Things to Do & Must-See Attractions in Hangzhou
Also known as the “Temple of the Souls’ Retreat,” Lingyin Temple is one of the most famous Buddhist temples in all of China. The temple was founded in 328 by the Indian monk Hui Li and it is said that he sought out this spot for the solace that is found in this corner of the Wuling Mountains. His ashes are now buried in a stone pagoda at the temple and he also bestowed an adjacent limestone peak with the name of Feilai Feng, a term which loosely translates to “peak flown from afar.” So similar was the mountain to those found back in his native India, Hui Li is said to have concluded that the only logical explanation was that the mountain had transported itself overnight from India to the outskirts of Hangzhou.
Modern day visitors to Lingyin Temple will enjoy ambling among the picturesque grottos and examining the hundreds of intricate Buddhist carvings.
Feilai Peak, or Feilai Feng – literally translated as ‘Peak Flown from Afar’ – is a unique, 200-meter tall limestone peak located next to the Lingyin Temple in Hangzhou, Zhejiang Province.
At the site, ancient tree roots rise above the ground, their branches twisting and winding up the peak. Due to erosion, there are a large number of caves within the mountain, and some of these feature intricately carved Buddha statues that were created during the Song and Yuan dynasties.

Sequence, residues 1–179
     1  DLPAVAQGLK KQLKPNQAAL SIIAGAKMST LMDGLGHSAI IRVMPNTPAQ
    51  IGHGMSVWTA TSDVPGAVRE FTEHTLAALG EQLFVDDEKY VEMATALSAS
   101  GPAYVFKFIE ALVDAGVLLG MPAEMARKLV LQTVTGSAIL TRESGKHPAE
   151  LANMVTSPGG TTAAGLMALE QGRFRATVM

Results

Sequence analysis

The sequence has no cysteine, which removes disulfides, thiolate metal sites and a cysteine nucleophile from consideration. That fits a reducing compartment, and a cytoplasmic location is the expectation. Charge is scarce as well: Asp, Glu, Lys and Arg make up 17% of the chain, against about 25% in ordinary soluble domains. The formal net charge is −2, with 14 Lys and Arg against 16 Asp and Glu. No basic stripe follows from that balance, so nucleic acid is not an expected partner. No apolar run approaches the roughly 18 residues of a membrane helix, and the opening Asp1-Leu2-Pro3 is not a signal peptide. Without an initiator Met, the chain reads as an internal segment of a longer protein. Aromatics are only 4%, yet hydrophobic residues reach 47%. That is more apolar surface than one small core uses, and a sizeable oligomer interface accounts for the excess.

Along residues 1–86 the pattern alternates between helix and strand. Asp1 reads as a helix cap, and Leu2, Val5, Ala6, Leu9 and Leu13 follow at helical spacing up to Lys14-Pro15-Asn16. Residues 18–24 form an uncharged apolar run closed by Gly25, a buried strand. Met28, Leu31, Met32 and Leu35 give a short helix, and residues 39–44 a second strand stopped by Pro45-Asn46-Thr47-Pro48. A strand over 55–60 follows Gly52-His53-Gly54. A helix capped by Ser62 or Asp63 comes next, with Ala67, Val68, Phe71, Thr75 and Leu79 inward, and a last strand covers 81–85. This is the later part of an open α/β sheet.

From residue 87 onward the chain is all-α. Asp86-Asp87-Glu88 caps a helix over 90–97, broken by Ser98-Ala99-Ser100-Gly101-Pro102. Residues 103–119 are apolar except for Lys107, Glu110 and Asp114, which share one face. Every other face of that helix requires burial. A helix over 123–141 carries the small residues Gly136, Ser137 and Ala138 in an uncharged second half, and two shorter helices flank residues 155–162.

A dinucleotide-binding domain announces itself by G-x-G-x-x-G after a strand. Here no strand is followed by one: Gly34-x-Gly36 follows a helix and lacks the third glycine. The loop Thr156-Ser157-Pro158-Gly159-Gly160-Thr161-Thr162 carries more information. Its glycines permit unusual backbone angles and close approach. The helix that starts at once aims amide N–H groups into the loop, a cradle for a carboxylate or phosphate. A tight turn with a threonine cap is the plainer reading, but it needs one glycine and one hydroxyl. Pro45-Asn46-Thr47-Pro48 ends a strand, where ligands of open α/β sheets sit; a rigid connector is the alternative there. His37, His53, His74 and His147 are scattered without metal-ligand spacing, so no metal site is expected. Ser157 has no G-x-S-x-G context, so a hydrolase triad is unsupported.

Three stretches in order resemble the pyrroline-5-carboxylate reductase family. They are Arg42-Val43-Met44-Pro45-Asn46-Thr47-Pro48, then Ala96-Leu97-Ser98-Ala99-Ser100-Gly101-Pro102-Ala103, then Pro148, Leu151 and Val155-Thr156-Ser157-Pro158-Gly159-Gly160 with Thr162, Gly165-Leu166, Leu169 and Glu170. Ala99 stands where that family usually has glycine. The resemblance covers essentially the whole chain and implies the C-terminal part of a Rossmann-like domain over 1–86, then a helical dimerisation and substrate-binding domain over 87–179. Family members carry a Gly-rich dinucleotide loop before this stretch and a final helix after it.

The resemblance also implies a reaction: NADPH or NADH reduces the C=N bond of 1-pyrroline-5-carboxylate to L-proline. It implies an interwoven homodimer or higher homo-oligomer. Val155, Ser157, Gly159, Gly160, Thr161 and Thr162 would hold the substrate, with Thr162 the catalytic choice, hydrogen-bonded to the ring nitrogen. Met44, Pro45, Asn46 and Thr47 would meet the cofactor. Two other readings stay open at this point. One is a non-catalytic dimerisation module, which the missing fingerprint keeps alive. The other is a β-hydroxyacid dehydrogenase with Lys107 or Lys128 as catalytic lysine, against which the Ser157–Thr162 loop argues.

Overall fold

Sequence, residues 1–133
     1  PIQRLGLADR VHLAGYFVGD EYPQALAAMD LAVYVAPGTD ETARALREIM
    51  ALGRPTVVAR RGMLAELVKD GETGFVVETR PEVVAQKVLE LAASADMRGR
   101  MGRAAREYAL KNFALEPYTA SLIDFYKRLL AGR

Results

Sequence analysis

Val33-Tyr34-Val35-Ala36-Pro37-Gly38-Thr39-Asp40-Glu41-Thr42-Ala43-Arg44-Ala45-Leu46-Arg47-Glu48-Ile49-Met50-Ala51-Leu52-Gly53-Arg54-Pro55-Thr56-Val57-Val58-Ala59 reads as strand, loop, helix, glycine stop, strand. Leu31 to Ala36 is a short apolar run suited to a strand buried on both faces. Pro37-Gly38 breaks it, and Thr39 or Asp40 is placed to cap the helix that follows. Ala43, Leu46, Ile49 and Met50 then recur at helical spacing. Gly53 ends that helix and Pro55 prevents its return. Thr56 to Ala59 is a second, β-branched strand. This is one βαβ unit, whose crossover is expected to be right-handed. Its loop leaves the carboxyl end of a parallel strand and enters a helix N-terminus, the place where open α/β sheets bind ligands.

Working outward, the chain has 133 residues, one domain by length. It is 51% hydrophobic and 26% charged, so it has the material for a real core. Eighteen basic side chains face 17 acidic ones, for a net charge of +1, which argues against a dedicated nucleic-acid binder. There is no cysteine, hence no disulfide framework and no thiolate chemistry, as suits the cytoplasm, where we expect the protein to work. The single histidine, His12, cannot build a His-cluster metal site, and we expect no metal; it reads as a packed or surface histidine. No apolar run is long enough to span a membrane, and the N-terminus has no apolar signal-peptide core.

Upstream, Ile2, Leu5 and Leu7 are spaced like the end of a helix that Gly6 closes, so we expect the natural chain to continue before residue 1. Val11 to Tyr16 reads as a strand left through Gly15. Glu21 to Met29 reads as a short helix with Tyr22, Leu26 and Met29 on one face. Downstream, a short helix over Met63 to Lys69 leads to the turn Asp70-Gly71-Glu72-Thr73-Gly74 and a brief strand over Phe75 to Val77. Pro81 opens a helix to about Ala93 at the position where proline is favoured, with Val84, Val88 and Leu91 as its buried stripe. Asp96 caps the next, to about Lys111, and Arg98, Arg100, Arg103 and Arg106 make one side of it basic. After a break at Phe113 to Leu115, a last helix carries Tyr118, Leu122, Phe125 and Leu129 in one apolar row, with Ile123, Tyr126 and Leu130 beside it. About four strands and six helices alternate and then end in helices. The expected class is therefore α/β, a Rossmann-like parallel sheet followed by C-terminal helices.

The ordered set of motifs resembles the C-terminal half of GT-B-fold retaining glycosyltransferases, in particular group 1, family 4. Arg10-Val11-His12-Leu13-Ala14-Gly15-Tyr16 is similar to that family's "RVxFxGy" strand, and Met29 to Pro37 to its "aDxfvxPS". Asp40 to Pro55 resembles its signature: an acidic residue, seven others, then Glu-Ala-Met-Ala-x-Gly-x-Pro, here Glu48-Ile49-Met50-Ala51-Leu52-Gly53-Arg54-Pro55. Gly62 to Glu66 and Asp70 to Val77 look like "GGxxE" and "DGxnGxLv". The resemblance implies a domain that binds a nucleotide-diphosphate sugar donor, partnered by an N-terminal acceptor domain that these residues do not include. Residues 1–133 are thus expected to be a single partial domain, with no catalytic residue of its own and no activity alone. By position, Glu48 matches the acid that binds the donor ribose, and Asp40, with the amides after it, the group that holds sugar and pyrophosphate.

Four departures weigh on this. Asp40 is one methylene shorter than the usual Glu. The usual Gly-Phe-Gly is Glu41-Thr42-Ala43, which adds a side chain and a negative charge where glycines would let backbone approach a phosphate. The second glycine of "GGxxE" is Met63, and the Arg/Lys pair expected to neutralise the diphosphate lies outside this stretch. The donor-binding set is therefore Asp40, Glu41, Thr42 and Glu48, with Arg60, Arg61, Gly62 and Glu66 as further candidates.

The largest Buddha statue here is the Maitreya Buddha, with its exposed belly and beaming smile; this is one of the best-preserved statues of its kind, displaying the artistry of carving in the Song Dynasty. In Longhong Cave, there is a seated statue of Avalokitesvara, while in Shexu Cave, a beam of sunlight pours in through the rock tunnels above – a famous scene known as 'the gleam of the sky'.
Leifeng Pagoda is a five-story tower located on Sunset Hill in Hangzhou, providing panoramic views over West Lake. The original pagoda was built in 975AD during the Five Dynasties and Ten States Period on orders of King Qian Chu to celebrate the birth of his son. However, after a tumultuous history, the structure collapsed in 1924. The pagoda was eventually rebuilt and opened to the public in 2002.
The original Leifeng Pagoda was a five-story octagonal structure too. However, unlike the modern version that stands today, it was built almost entirely from brick and wood. The new pagoda is instead made from 1400 tonnes of steel with 200 tonnes of copper parts. At the entrance there are two escalators to carry visitors to the base of the pagoda, and there are a number of viewing platforms to climb up to in order to marvel at the views.
Located 30 minutes outside of Hangzhou in the rural foothills of the West Lake district the Meijiawu Tea Village is an entire township devoted to the cultivation and heritage of Xihu Longjing Tea. Also known as “Dragon Well Tea,” everything surrounding this revered type of green tea—from the pouring process to the time of harvest—is considered an art form.